A few years ago, at a Netzer (progressive Zionist) youth camp in New South Wales, Australia, twenty students were challenged by an activity related to Parashat Yitro. Divided into groups of four, their first task was to identify the “Ten Commandments.” Their second task was to develop their own list of “Ten Commandments.” The activity presented a way for the participants to engage in a clarification of their Jewish values.
Such a clarification is necessary, especially for teenagers. In this day and age where every piece of information we could ever want is readily available at our fingertips, it has become a natural practice to interpret traditional teachings through our own personal lens. Rather than asking the questions, “What does this text teach?” or “What is God teaching through this text?” the more common question being asked is, “What is the importance of this particular text for me?” Lessons today often need to be reframed in the context of personal meaning and relevance for the individual — whatever age they may be.
The participants in the exercise kept some of the “Ten Commandments” while gently rejecting others. Not surprisingly, “you shall not commit adultery” did not rank particularly high on a list of commandments written by a group of fourteen-year-olds. Similarly, four out of the five groups rewrote the command “you shall not covet,” as “You should be happy with what you have.”
All five groups shared one commandment — “You should not judge other people.” While Torah and rabbinic tradition have much to say on the topic of judging fairly and creating appropriate systems of justice to govern over and legislate within a community, it was fascinating that this small group of students found the concept of judging other people to be such a significant issue. One girl said, “I don’t like it when other people judge me, so I’m conscious to make sure that I don’t judge others.”
And yet, judgment is such a huge part of Jewish life. In the morning blessings, we praise God for giving us the ability to distinguish (or judge) between day and night. In reciting Havdalah, we bless God as one who separates between sacred and ordinary, between light and darkness, between Israel and other nations, and between the seventh day and the other days of creation. In reading Leviticus, there are constant divisions made between what is ritually pure and ritually impure, who can enter the camp, and who must remain outside. Judgment, distinguishing, and discerning are part and parcel of Jewish, and even human, existence.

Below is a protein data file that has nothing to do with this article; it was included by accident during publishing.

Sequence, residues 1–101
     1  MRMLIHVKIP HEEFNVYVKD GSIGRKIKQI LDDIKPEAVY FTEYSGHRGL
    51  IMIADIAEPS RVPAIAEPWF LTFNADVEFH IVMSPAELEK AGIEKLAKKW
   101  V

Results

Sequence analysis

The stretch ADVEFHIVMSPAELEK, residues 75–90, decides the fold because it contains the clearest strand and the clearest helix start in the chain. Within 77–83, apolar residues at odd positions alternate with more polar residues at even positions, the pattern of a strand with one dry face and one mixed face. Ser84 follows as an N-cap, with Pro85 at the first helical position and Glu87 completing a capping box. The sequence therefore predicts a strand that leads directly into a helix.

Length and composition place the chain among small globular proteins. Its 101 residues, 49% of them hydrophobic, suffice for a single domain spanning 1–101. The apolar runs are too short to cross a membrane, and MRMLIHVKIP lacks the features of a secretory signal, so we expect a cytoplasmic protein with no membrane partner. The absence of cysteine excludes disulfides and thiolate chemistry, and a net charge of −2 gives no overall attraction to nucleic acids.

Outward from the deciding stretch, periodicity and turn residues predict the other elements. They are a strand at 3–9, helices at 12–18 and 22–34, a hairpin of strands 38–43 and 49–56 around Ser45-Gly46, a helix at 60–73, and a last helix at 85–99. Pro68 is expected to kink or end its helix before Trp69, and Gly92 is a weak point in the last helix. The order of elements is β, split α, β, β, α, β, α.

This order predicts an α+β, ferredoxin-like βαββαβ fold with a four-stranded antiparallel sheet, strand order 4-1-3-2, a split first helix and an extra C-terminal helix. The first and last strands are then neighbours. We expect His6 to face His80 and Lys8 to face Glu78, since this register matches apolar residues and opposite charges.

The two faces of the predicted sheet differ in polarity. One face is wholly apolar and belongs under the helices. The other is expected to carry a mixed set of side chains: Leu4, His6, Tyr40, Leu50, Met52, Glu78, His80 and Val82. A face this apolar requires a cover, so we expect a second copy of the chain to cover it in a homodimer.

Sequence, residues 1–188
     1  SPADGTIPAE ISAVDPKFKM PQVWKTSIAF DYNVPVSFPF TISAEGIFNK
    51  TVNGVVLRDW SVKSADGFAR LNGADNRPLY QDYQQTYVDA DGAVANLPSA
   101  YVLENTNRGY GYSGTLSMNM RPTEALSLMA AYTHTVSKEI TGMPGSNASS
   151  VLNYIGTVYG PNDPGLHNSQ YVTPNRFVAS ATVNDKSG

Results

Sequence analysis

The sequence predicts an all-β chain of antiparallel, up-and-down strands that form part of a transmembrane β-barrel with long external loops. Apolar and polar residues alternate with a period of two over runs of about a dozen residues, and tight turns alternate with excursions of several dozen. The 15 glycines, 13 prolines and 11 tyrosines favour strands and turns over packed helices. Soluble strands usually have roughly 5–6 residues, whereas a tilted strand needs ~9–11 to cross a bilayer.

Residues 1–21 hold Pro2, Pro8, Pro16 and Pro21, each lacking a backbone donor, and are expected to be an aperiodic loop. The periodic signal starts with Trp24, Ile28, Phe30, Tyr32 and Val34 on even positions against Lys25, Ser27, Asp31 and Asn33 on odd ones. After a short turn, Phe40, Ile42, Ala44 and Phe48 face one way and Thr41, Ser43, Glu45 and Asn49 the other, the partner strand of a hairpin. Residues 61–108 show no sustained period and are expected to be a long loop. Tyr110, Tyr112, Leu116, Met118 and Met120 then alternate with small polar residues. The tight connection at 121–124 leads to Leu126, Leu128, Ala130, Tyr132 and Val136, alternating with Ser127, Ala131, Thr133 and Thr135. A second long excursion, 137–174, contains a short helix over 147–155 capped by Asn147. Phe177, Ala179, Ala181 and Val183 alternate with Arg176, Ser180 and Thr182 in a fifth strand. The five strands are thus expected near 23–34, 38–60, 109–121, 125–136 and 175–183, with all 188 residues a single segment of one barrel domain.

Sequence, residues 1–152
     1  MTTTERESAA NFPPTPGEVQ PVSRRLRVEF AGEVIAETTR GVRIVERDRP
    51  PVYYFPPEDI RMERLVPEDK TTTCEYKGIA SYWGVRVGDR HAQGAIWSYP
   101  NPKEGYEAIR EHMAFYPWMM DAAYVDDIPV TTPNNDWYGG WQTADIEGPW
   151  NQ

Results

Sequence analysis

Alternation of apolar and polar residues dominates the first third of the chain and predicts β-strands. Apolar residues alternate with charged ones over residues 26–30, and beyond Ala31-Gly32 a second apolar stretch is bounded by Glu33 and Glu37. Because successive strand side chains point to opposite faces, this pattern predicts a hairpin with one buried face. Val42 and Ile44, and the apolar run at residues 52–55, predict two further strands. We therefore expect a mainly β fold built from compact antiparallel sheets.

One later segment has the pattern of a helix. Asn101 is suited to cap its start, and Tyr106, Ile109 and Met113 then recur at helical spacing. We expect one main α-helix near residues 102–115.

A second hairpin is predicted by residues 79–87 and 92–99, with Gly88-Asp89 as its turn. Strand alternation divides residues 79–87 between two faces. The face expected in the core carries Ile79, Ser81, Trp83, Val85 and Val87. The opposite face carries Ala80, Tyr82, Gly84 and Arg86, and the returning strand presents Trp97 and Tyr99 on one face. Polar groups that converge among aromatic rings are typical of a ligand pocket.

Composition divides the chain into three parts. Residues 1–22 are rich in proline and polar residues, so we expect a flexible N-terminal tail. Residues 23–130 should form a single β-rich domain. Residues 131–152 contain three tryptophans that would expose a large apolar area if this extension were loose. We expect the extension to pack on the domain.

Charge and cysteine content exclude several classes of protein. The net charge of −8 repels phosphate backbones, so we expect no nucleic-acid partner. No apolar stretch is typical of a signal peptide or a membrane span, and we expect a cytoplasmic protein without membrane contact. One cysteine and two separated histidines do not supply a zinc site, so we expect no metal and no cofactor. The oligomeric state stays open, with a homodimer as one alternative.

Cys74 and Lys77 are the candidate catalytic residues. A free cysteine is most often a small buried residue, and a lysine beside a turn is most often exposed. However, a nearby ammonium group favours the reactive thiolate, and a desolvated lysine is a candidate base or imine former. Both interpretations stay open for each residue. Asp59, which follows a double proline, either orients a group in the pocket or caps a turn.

Deeply aware of the need for boundaries in our personal and Jewish lives, we need to retain structures that help us to understand what is acceptable and what is not. But it should be possible for us to accomplish this goal without judging one another. In Exodus 19:4, God offers us a powerful image and beautiful metaphor in saying, “You have seen what I did to the Egyptians, and [how] I bore you on eagles’ wings, and I brought you to Me.”
Picture an enormous eagle (symbolic of God), with a long wingspan. Israelite after Israelite, one by one, climbs on board the back of the eagle. But at this point, there’s no judgment, no distinguishing, and no discerning. No one among us gets to fly first class and there’s no fear about being seated on the back of the bird. Those who are more ritually observant than others don’t get preferential boarding, and those who pay more money can’t purchase seats with extra legroom. On board this particular eagle, there happens to be room for all of our baggage. All of us, standing at Sinai together, in our humanity, our brokenness, our searching, and striving, are carried on an eagle’s wings. There was room enough for all of us, room enough for God to love and appreciate us, even amidst our frailties and imperfections.
If God has demonstrated that God can love us in such a way, how might we demonstrate a similar love toward each other? How might we refrain from judging the differences we see in one another in the Jewish community? What would it mean for us to learn from one another, even given the difference of our opinions and levels of practice, without being dismissive? What would it mean to teach the beauty and value of Jewish life, rather than shunning those who might not (yet) follow similar practices?
The late Emil Fackenheim once said that the 614th commandment is “you shall not give Hitler a posthumous victory.” Perhaps we fulfill this commandment by leaving “judgment” to God. If we can find a way to share space, like our ancestors, on the back of an eagle’s wings, perhaps our entire community could take flight and soar to unknown heights.